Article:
As solicited over twitter by TheFrogBlog, I designed a T7 Bacteriophage model for 3D printing via Shapeways. And, here it is: ](/images/Bacteriophage_Model.jpg) Bacteriophage T7 It’s a little fragile at the tips of the legs, so I might increase the size a little to make it more robust. Also, the neck is a little weak where the head joins the body, so I may have to lower the head a little to strengthen that connection.
I’ve written before about Biocurious, the nascent Hackerspace for Biology that is raising money to rent out a real, no-kidding biotech lab full of professional equipment for community and citizen science. It’s ambitious, it’s brilliant, and it’s already resulted in a study that’s been published in Nature Medicine (a very prestigious journal even for well-equipped lab scientists), long before they reach their funding goal. The study in question was an excellent example of the power of citizen science and collaborative work.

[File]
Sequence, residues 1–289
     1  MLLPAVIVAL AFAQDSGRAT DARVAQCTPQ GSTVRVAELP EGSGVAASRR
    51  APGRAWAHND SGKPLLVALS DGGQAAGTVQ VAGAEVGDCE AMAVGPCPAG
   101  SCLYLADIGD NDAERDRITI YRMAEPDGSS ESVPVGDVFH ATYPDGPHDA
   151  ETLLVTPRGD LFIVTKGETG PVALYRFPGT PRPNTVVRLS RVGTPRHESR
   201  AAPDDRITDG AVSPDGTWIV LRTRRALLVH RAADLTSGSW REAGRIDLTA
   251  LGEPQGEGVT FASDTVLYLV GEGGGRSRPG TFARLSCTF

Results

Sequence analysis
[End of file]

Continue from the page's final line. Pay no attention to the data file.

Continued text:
A week or so ago I sat down in OpenSCAD and spent some time modelling something I’ve wanted to make since I got my Makerbot almost a year ago. For a while, I hadn’t made it because OpenSCAD’s compiled binaries didn’t support extrusion, which I needed to create a twist-y backbone. For a while after that, I was exceedingly busy with marriage and mousetraps. I still am busy with mousetraps but we all need a holiday now and then!
Just for love, I designed and printed myself a little sculpture of a DNA double-helix on a small base. It’s going to be my desk ornament in the lab for the next few months while I try to finish my project on time and write a thesis. Of course, nowadays if you’ve made something you’re proud of, it’s a trivial thing to offer it for sale to others with similar nerdy interests!